With a little more than two months to go before the May 20 primary, the campaign for governor is heading to a new, likely more competitive phase.
Treasurer Rob McCord is about to air his first commercials, challenging the command of the airwaves maintained for the last month by York County businessman Tom Wolf. Katie McGinty was actually the first Democrat to go on television, with a token buy bookending President Obama's State of the Union message, and she has two commercials in rotation now, but the heavy volume of the Wolf commercials has been the dominant tactical story of the Democratic primary so far.
The McCord ads, first noted by PoliticsPa, are one minute each and combine the candidate's biography with attacks on Gov. Tom Corbett. Both highlight the fact that the treasurer was raised by a single mother, and went on to study at Harvard University. One of the commercials boasts that he went on from there to work as an investor creating, by his count, jobs for as many as 2,000 Pennsylvanians.
One of the spots faults the governor's embrace of natural gas drilling, accusing him of being "a wholly owned subsidiary'' of the industry. Mr. McCord touts his plan to seek a severance tax on the Marcellus wells to help finance education. The 10 percent rate he calls for is the highest among the Democratic contenders. Most of his rivals have proposed a rate of 5 percent for the new levy they all agree is needed.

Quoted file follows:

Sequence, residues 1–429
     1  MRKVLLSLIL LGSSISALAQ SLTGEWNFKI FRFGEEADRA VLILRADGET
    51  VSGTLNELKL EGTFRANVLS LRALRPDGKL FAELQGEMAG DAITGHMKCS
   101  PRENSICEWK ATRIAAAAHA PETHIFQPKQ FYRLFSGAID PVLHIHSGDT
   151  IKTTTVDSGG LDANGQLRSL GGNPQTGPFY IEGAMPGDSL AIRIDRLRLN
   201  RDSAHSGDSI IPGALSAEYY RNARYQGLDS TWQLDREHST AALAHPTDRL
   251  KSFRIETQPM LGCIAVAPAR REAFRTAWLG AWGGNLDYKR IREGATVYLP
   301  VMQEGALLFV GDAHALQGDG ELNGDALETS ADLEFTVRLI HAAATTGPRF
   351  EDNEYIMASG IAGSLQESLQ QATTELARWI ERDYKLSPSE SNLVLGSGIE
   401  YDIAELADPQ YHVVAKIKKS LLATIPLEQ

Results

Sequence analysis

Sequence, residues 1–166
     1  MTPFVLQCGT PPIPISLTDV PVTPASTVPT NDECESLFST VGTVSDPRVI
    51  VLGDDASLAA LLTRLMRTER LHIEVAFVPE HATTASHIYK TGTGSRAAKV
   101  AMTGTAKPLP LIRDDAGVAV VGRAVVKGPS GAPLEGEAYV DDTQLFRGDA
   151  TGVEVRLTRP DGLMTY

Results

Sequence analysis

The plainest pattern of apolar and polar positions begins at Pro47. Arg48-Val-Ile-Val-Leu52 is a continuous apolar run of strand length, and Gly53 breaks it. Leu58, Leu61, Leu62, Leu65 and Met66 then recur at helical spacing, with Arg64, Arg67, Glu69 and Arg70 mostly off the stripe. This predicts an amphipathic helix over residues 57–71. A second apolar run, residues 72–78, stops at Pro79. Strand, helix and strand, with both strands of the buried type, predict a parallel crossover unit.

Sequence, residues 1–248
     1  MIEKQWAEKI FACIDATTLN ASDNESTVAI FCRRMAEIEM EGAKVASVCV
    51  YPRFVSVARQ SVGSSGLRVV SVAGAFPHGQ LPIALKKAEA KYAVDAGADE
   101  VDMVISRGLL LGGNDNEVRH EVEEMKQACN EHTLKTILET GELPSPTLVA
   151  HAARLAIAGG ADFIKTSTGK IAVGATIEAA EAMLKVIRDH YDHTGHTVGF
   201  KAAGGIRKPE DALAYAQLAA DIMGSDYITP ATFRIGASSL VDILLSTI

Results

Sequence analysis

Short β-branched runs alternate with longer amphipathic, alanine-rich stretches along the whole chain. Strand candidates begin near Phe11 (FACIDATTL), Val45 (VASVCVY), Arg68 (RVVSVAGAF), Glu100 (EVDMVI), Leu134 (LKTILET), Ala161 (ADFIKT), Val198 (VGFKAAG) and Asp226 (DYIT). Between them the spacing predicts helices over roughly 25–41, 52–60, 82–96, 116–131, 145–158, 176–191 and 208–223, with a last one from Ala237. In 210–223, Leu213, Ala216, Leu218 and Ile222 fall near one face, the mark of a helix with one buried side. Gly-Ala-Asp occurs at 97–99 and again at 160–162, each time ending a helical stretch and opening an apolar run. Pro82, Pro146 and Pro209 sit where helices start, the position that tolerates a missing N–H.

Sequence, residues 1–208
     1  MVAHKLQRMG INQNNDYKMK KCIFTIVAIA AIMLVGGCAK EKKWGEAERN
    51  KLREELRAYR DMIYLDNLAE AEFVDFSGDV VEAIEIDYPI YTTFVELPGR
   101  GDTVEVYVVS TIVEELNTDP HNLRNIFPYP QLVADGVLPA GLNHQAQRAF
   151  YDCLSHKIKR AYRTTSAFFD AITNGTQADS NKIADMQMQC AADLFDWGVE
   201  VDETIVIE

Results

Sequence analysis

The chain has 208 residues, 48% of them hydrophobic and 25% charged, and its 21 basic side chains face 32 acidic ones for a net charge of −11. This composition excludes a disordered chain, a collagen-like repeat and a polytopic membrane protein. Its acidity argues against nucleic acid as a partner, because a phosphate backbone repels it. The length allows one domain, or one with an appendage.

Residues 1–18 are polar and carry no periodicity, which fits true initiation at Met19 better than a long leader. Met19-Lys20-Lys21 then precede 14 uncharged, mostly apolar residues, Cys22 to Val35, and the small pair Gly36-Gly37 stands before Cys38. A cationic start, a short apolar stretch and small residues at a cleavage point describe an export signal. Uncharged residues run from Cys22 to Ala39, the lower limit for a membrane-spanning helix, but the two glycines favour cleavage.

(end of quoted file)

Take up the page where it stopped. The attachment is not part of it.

At another point Mr. McCord notes that as treasurer, he fought the Corbett administration's failed initiative to privatize the operatiions of the state lottery. The McCord ad contends that that shift would have jeopardized lottery funded aid to seniors. The administration argued at the time the proposal was still being debated that a private operator would have increased revenue for senior program.
Asked to comment on the criticism, Billy Pitman, Mr. Corbett's campaign spokesman, responded with a generic assault on the governor's challengers, dismissing them as "tax-and-spend liberal Democrats'' who "want to take more of Pennsylvanians' hard-earned money because they believe they know how to spend it better than the taxpayers do.''
Here's a look at the two spots: